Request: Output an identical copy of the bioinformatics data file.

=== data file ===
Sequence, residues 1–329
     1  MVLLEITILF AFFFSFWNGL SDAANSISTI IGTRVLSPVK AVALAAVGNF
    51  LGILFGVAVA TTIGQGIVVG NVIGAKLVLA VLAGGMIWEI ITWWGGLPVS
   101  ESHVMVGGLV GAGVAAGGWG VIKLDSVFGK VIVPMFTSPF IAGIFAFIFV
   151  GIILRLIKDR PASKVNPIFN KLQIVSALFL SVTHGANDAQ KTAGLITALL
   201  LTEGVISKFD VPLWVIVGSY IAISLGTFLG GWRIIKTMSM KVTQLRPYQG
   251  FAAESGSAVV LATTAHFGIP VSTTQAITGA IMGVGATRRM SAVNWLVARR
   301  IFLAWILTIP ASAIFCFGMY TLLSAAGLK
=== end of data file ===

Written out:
Sequence, residues 1–329
     1  MVLLEITILF AFFFSFWNGL SDAANSISTI IGTRVLSPVK AVALAAVGNF
    51  LGILFGVAVA TTIGQGIVVG NVIGAKLVLA VLAGGMIWEI ITWWGGLPVS
   101  ESHVMVGGLV GAGVAAGGWG VIKLDSVFGK VIVPMFTSPF IAGIFAFIFV
   151  GIILRLIKDR PASKVNPIFN KLQIVSALFL SVTHGANDAQ KTAGLITALL
   201  LTEGVISKFD VPLWVIVGSY IAISLGTFLG GWRIIKTMSM KVTQLRPYQG
   251  FAAESGSAVV LATTAHFGIP VSTTQAITGA IMGVGATRRM SAVNWLVARR
   301  IFLAWILTIP ASAIFCFGMY TLLSAAGLK